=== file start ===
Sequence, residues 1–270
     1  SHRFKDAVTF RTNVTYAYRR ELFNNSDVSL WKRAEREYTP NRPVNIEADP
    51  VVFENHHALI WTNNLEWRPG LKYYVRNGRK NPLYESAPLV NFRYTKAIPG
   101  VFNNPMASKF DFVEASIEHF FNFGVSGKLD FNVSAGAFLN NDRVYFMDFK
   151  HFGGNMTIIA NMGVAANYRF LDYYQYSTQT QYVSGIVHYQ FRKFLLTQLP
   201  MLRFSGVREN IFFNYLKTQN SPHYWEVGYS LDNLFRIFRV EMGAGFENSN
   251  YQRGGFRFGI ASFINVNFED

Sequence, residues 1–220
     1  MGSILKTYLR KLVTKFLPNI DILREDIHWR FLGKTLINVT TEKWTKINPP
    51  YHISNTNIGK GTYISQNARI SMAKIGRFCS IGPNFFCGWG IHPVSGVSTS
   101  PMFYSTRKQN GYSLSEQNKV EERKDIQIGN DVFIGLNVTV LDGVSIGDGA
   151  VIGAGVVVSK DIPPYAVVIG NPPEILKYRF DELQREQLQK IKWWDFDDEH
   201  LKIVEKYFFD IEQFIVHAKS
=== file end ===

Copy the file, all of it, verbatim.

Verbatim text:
Sequence, residues 1–270
     1  SHRFKDAVTF RTNVTYAYRR ELFNNSDVSL WKRAEREYTP NRPVNIEADP
    51  VVFENHHALI WTNNLEWRPG LKYYVRNGRK NPLYESAPLV NFRYTKAIPG
   101  VFNNPMASKF DFVEASIEHF FNFGVSGKLD FNVSAGAFLN NDRVYFMDFK
   151  HFGGNMTIIA NMGVAANYRF LDYYQYSTQT QYVSGIVHYQ FRKFLLTQLP
   201  MLRFSGVREN IFFNYLKTQN SPHYWEVGYS LDNLFRIFRV EMGAGFENSN
   251  YQRGGFRFGI ASFINVNFED

Sequence, residues 1–220
     1  MGSILKTYLR KLVTKFLPNI DILREDIHWR FLGKTLINVT TEKWTKINPP
    51  YHISNTNIGK GTYISQNARI SMAKIGRFCS IGPNFFCGWG IHPVSGVSTS
   101  PMFYSTRKQN GYSLSEQNKV EERKDIQIGN DVFIGLNVTV LDGVSIGDGA
   151  VIGAGVVVSK DIPPYAVVIG NPPEILKYRF DELQREQLQK IKWWDFDDEH
   201  LKIVEKYFFD IEQFIVHAKS